It was certainly an inauspicious beginning to the unbeaten run, faced with a 6-0 deficit in the first inning of the home opener at Derks Field in Salt Lake City, the bats came alive for a 10-run rally in the fourth and fifth frames to coast to a 12-6 victory over the Pocatello Giants.
There would be many games like that over the course of the winning streak, but Gilligan credits the team's toughness and work ethic for overcoming the countless obstacles a team encounters on a streak of that magnitude.
"They were 23 of the toughest guys that I've ever seen put together on one team," he said. "It was great for me as a coach because it let me know what I'm supposed to be looking for in players. It's not all about ability. I mean, ability is important and it goes a long way, but you need to have guys with that inner strength, toughness and character."
"And talk about chemistry. We had what every coach is looking to put together. A team that loves each other and wants to hang around each other on and off the field. They were as concerned about their teammates as they were about themselves. That's what our ball club had. Guys that were truly unselfish and had very little ego."
Gilligan, who had experienced 25-game and 24-game unbeaten runs while at the helm of Lamar, also stressed how much harder it is to accomplish the feat at the professional level in comparison.
"The thing about pro ball that makes it more difficult is that teams will start matching up their number one pitcher against your number five, or they'll start putting everything into trying to take one win out of a three-game series. And with games almost every day, you have to work hard to stay up and maintain your focus. In professional baseball, you really do have to take it day-by-day and stay steady. Don't get too up and don't get too down. That's why you hear stuff like that from everybody."
By the time the streak reached 27 straight, tying the previous marks by the 1921 Baltimore Orioles and 1902 Corsicana Oilers, the Trappers were one of the biggest sports stories in the country, drawing interest from coast-to-coast with stories appearing in both the New York Times and the Los Angeles Times and culminating with a spread in Sports Illustrated.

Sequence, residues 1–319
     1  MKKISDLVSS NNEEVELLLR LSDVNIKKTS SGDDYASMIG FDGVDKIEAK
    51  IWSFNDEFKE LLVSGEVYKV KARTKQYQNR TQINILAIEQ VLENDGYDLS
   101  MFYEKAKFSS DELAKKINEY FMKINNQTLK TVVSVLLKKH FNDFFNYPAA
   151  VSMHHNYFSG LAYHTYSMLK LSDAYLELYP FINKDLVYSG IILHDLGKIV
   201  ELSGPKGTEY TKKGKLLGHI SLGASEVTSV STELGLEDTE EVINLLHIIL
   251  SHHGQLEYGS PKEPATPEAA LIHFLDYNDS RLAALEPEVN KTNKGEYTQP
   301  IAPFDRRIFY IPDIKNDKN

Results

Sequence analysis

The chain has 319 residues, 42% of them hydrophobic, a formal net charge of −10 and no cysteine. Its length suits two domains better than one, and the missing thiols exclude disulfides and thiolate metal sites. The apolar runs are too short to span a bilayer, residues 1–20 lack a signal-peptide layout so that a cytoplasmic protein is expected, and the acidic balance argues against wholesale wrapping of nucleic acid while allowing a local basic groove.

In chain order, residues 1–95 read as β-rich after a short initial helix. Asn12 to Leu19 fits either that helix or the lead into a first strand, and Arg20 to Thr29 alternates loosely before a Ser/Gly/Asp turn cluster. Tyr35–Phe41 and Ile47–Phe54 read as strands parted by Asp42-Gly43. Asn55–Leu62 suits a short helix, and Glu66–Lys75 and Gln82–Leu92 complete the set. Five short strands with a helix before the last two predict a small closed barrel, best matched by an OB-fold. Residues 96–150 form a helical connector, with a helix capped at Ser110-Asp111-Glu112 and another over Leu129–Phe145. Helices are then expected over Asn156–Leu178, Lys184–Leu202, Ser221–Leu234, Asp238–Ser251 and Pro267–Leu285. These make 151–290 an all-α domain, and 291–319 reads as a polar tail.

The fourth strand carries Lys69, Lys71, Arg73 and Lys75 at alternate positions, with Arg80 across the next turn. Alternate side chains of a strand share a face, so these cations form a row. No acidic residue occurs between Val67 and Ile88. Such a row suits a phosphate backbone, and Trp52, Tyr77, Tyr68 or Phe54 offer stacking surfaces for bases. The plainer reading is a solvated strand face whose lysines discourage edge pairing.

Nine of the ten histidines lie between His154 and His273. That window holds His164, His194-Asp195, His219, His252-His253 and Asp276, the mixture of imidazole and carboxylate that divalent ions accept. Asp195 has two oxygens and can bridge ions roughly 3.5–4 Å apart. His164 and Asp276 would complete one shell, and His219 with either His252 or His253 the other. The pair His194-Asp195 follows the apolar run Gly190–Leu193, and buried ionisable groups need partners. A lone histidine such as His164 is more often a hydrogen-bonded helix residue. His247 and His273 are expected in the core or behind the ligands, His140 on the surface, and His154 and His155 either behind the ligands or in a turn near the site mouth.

"That's one of the things that I really respected about my club," Gilligan said. "You had everybody from
The record-breaking night was anti-climactic in comparison. The Trappers pushed two across in the opening frame, and Frank Colston knocked in six runs to lead
Following the game, Gilligan's jersey, Colston's bat, pitcher John Groennert's hat, a team picture and a signed baseball were sent to the Baseball Hall of Fame in
"I remember the night they told us about going into the Hall of Fame," Gilligan said. "I've kind of gotten used to it over the years, but it was really hard to process. That was just off the charts, and it was just icing on the cake of a good season."
After closing out the homestand with a 29th consecutive win, the team saw the impressive run come to an end against the Billings Mustangs in
Gilligan would continue to work on the minor league circuit over the course of the next four seasons before finally making the trek back to LU, a post he's held to this day. After a 31-22 season in 1992, everything was back-to-normal at Vincent-Beck Stadium, as the Cardinals put together a 44-18 season in 1993 to head back to the NCAA Regionals.
Gilligan has since guided the team to five more NCAA Regionals and will be entering his 36th season in the red and white next season. With 1,228 career wins, he sits as one of the winningest active coaches in the country, but his short stay in
"You know it's hard to talk to our guys right now about something that happened 25 years ago when they aren't even 25 years old," Gilligan said. "I don't think that they'll ever get a sense of what that meant to me, but I've got some videos of that team that I want to show our guys. My guys here love to play just as much as my guys did back then, and I think that we can infuse a bit of that old time mentality into them. Some already have it. That's when it gets fun."